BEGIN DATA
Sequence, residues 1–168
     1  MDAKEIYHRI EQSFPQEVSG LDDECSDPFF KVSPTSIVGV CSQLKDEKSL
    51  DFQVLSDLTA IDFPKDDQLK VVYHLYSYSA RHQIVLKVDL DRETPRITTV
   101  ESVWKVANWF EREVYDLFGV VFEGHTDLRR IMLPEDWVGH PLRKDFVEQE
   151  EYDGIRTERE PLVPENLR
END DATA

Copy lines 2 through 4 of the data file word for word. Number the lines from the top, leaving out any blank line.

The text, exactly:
     1  MDAKEIYHRI EQSFPQEVSG LDDECSDPFF KVSPTSIVGV CSQLKDEKSL
    51  DFQVLSDLTA IDFPKDDQLK VVYHLYSYSA RHQIVLKVDL DRETPRITTV
   101  ESVWKVANWF EREVYDLFGV VFEGHTDLRR IMLPEDWVGH PLRKDFVEQE